Separation is also a theme in Gary Hill's Tall Ships. In this work, the viewer enters a long, dark hallway along which blurry points of light glimmer; as you proceed, the blurry points become human beings, who appear to walk up to you as you pass by. By the time they reach you, these black and white figures are nearly life-size, and they simply stare searchingly at you for a few seconds, then turn and retreat to their original place, sometimes throwing a hopeful backward glance. Though technologically advanced, this piece is simple and elegiac, fraught with the ambiguity of any human encounter. At the end of the hall, a small girl ventures to meet the visitor, arms raised in a gesture that at first seems like a shrug, but then becomes a questioning request that one has the urge to respond to. But there is nothing to do but eventually retreat.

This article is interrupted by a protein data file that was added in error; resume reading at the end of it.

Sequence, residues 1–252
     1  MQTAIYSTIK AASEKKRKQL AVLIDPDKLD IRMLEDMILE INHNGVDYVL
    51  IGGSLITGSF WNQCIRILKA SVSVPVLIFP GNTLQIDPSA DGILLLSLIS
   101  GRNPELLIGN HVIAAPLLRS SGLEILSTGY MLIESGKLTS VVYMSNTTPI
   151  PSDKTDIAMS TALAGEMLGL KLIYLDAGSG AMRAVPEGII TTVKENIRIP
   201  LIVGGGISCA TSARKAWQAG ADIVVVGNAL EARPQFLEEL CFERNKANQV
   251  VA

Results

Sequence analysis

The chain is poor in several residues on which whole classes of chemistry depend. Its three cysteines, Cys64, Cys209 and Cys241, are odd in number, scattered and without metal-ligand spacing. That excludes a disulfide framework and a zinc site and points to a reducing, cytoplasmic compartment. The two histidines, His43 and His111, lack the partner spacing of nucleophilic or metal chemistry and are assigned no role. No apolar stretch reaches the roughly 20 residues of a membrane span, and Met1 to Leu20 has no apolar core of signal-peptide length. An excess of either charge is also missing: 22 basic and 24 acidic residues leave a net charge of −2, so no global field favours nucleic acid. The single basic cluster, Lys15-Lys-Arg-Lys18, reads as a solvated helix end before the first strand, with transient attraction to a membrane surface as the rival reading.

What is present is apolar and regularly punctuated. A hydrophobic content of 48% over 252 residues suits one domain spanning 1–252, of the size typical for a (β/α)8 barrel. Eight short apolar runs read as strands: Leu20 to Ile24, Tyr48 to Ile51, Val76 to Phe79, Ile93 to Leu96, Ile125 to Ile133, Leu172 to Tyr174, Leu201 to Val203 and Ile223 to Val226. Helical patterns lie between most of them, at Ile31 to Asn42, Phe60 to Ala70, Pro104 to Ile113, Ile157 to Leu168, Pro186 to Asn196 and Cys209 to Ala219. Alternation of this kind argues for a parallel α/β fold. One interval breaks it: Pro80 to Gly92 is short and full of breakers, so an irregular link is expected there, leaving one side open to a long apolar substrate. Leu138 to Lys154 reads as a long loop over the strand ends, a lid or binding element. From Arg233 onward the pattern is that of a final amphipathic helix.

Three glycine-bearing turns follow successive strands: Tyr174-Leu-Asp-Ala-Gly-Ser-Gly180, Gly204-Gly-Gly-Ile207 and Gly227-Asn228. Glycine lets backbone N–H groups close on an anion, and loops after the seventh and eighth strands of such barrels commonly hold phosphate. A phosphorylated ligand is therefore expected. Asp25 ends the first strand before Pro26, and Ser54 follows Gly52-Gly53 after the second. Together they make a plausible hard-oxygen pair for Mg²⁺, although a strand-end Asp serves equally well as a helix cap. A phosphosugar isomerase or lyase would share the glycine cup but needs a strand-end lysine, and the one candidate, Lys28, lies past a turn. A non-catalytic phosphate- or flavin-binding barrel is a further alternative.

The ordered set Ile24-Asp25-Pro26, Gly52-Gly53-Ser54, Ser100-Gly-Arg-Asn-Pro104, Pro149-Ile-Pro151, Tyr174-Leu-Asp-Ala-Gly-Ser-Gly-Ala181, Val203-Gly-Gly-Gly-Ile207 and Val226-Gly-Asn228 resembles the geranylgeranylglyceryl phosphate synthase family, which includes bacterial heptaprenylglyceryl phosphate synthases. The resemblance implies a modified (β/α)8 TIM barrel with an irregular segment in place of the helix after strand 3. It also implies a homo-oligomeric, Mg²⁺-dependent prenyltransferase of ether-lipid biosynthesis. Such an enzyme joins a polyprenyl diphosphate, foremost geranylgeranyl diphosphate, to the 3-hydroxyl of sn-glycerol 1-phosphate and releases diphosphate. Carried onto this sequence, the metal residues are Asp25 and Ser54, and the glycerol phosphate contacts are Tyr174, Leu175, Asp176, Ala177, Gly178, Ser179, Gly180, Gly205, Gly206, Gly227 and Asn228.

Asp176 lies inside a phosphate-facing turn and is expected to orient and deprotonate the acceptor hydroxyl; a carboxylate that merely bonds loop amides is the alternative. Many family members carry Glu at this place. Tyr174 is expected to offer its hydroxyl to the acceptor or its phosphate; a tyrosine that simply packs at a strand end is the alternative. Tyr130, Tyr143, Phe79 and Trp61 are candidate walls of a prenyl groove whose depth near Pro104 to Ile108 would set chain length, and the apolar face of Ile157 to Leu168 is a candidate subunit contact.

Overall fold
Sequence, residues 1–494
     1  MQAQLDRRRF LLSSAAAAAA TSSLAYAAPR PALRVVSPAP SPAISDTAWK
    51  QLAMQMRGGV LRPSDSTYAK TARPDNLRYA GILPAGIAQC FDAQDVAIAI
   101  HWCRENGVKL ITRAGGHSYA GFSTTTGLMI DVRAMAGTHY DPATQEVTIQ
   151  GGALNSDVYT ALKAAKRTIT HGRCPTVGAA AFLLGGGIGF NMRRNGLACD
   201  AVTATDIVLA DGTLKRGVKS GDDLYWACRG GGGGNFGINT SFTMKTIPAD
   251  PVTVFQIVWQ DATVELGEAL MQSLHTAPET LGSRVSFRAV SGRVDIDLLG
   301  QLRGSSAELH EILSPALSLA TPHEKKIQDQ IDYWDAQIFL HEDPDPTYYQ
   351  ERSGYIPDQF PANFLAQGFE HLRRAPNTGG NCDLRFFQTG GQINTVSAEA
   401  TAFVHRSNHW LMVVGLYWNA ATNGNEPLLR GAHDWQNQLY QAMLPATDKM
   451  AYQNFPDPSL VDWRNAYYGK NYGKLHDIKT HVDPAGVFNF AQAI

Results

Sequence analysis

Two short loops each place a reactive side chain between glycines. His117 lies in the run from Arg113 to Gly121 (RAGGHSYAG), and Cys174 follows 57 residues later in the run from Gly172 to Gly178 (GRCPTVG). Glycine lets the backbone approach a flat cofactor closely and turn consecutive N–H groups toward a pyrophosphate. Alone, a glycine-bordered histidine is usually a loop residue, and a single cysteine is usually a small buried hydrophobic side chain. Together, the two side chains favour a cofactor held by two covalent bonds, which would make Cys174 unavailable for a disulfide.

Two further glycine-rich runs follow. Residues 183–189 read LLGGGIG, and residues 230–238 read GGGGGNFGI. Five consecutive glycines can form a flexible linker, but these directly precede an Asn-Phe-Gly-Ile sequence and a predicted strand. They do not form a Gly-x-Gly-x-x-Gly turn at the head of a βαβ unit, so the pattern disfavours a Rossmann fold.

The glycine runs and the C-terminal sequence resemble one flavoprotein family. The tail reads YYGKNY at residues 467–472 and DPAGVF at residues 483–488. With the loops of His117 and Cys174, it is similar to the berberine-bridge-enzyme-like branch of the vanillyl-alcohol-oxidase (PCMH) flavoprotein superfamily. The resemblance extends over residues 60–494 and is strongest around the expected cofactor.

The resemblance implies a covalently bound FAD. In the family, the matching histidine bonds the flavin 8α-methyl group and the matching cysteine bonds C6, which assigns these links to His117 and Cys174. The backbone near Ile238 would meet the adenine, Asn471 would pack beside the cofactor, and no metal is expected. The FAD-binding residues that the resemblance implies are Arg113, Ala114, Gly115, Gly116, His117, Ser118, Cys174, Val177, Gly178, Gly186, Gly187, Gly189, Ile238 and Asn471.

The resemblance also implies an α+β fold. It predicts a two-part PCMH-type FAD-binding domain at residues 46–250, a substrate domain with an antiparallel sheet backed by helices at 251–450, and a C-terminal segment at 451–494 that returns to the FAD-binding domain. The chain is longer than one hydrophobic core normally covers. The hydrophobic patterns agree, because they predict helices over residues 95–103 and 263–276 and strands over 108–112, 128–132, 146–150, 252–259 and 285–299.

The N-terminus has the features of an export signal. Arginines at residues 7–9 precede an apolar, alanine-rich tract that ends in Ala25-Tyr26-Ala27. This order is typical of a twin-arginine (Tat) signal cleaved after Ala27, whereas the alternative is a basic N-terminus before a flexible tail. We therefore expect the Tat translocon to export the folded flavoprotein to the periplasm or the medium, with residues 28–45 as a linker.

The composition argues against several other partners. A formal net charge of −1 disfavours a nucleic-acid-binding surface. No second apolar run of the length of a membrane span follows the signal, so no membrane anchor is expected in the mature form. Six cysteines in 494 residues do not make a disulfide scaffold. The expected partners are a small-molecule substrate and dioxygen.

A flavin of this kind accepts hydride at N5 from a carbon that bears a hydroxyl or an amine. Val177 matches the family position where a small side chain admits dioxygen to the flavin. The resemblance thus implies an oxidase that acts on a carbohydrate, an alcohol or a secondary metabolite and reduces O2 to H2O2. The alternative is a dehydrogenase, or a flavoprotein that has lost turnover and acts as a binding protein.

Retreat is an option many might select when confronting Mark Flood's aggressive, intentionally bad paintings at Brasil. In many ways, Flood is a marginal yet crucial figure for the art world, one who expresses its preoccupations, obsessions and anxieties. His paintings -- or lack thereof, since one piece in the current show consists of teen magazine pinups and other images tacked to a bare stretcher and titled Painting I intended to make -- are combinations of bitter honesty, selective laziness, sublimated desire and perversely festive glitter. Many appear to be abstract paintings washed over with solid white or black paint. One, on which Flood has left a narrow strip of abstract marks, is a flow chart for an art career in which jaunty arrows mimic the partly revealed gestural abstraction. One potential path is "make art, no gallery, store art, don't get paid." SUCCESS, written in large, celebratory letters, is also part of the chart, but it is isolated on the far side of the gulf of abstraction, and one can reach it only by way of a "scuzzy gallery." The ultimate question, it seems, is why make art at all, if these are the available options?